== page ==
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Following the international releases and touring for Husky’s debut album, Forever So, the band returned home and began feverishly writing. The result is Ruckers Hill, the sophomore album from the Aussie based band, Husky.
While some songs developed naturally, there were times when Gawenda had to search for inspiration - often in the most unlikely places. He would walk around his neighbourhood in Melbourne’s Collingwood and down to the Merri Creek, recording snippets of ideas, poems and word plays on his phone. He even borrowed a 1970’s Hermes portable typewriter from his father, the renowned Melbourne journalist Michael Gawenda, to try and make the ideas come.
At one point Gawenda would drop into a Smith Street café every morning for coffee and while there he would read Leonard Cohen’s 1966 novel Beautiful Losers in tiny fragments. The café had it in its bookshelf; he would take it out, read a page or two and put it back for the next morning.
“I was [writing] alone some of the time, but a lot of the time I had Gideon (keys and co-producer) working with me, testing, re-arranging, and being brutally honest about what he thought worked and what didn’t.’’
Husky (vocals, guitar), his cousin Gideon Preiss (keyboards) worked on the songs, refining and deepening their sound and their resonance. The feel of Ruckers Hill came from playing live so often and always wanting the show to be bigger and better and bolder. “We wanted songs that would take the show to another level.”
So how does it sound? Ruckers Hill is a sophisticated record that is both delicate and tender – as we have come to expect – but also has an endearing simplicity and keen sense of fun. At a base level, it is great to sing along with. At a critical level it is a record that advances Husky’s songwriting and the band’s musicianship, with their lyrics detailing the microcosms of life, but also the universal wonders of the everyday.. But even with the refreshed sound of Ruckers Hill, the bones of Forever So, the adored, breakthrough debut album of 2012, remain clear.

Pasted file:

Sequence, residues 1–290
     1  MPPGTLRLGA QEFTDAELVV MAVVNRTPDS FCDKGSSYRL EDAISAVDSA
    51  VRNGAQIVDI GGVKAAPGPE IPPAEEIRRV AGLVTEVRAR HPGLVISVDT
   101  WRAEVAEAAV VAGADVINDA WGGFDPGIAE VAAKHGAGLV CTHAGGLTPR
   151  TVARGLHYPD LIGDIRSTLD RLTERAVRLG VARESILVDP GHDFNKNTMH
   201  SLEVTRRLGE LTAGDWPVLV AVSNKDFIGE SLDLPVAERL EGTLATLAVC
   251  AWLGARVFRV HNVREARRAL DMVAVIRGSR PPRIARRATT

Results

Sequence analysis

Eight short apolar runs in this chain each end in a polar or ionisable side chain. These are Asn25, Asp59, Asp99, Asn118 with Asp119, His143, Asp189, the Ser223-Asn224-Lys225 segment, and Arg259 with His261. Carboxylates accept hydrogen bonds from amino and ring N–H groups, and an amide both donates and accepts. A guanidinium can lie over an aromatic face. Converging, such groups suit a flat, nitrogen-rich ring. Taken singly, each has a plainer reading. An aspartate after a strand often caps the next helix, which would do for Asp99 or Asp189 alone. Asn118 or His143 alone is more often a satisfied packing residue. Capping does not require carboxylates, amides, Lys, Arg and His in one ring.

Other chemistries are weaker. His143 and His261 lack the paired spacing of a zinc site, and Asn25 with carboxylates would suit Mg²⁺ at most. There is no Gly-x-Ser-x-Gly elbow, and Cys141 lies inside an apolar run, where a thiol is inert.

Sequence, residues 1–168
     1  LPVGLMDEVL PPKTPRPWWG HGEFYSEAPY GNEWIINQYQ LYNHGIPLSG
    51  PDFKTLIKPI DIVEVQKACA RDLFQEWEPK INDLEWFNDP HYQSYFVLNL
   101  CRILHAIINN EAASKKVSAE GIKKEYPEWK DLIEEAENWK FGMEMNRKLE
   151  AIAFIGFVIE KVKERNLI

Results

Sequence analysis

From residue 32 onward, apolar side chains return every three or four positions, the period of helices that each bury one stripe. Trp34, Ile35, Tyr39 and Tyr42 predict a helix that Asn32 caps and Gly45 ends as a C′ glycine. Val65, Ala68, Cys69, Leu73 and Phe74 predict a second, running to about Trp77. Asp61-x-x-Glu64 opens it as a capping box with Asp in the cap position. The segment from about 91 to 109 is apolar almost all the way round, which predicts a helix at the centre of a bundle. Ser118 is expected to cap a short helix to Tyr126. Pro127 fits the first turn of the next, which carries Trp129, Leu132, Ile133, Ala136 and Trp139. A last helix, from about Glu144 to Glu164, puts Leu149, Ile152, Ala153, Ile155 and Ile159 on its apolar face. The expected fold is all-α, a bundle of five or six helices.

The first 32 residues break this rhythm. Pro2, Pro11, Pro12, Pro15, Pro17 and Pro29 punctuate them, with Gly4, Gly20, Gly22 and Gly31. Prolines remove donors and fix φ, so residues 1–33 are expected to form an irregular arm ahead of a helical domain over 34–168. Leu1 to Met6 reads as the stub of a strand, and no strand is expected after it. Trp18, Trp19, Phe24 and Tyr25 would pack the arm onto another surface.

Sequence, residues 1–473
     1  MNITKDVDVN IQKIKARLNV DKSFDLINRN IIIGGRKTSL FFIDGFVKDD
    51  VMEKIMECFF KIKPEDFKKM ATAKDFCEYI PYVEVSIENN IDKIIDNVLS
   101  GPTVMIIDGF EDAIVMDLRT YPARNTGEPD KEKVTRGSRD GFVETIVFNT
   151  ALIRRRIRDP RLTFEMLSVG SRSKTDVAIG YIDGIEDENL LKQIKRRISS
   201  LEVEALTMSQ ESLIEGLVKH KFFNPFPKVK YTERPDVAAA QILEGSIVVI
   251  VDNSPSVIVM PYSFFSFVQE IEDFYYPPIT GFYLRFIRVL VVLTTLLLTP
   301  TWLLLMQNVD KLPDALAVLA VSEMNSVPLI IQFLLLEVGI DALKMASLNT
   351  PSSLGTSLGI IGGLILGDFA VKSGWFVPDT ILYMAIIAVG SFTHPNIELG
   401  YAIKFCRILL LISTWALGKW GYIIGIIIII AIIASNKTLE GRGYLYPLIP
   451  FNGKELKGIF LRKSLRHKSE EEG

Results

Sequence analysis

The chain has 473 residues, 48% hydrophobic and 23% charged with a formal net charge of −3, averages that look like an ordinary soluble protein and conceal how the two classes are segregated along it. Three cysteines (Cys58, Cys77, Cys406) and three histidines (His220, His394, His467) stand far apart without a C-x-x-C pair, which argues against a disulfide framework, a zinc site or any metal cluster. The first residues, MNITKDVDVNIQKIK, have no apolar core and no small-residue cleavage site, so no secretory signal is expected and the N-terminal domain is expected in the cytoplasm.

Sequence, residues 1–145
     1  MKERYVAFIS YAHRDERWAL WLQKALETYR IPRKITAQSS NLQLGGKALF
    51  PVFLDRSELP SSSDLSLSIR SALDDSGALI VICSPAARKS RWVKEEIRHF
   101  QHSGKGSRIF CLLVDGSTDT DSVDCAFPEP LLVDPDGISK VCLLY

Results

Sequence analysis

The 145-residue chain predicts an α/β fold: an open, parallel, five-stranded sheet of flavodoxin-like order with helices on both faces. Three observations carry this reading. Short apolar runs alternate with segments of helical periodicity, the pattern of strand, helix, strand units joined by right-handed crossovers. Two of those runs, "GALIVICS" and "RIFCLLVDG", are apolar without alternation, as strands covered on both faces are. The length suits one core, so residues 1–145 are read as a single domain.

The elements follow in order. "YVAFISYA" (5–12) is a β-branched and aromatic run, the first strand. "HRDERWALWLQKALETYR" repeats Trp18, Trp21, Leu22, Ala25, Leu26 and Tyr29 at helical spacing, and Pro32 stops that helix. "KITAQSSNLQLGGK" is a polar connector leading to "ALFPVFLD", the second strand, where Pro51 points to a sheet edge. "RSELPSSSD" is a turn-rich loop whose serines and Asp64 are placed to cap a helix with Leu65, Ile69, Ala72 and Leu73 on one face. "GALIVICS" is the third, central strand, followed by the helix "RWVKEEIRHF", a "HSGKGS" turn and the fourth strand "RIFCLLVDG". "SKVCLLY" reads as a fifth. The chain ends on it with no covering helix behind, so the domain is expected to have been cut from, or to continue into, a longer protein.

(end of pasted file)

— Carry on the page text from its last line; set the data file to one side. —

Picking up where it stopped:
And so we have songs like the title track and album opener named for a spot in Northcote where Gawenda used to live and where he remembers the city looking pretty in the distance with a particular girl on his arm. It’s a song about memory and identity, like much of the album.
Or try the psychedelic Heartbeat, name checking Johanna Beach on Victoria’s ruggedest coast, where a road trip’s journey toward the unknown becomes a meditation on the traveller’s inner landscape. Fats Domino takes the listener right into the detail of a writer’s wonderings, into his days and nights. And then Saint Joan which is a search for the redemptive power of love.
Deep Sky Diver – so warm in tone as to mirror Nick Drake – was written about a close friend who was troubled. “We are always in the end, alone,” he says, “trying to reach each other.” Gawenda wrote the song after Gideon played him Love Me Tender by Elvis. “I’d heard it a hundred times obviously, but I’d never really listened. So beautiful, so simple, so perfect.”
Ruckers Hill was produced by Gawenda and bandmate (and cousin) Gideon Preiss and co-produced over many sessions with storied Sydney producer Wayne Connolly.
Phil Ek took the reigns on mixing (Fleet Foxes, The Shins, Band of Horses), with Peter Katis (The National) mixing I’m Not Coming Back.
Recording was done in several Melbourne and Sydney studios but also at Gawenda’s home in Collingwood and at a place called Echidna Studios on Melbourne’s semi-rural fringe.
“It was a simple studio, in a beautiful spot in the hills overlooking the Yarra Valley, with Fella the dog and two goats roaming around the garden. We dreamed the record into life out there’’ Gawenda said.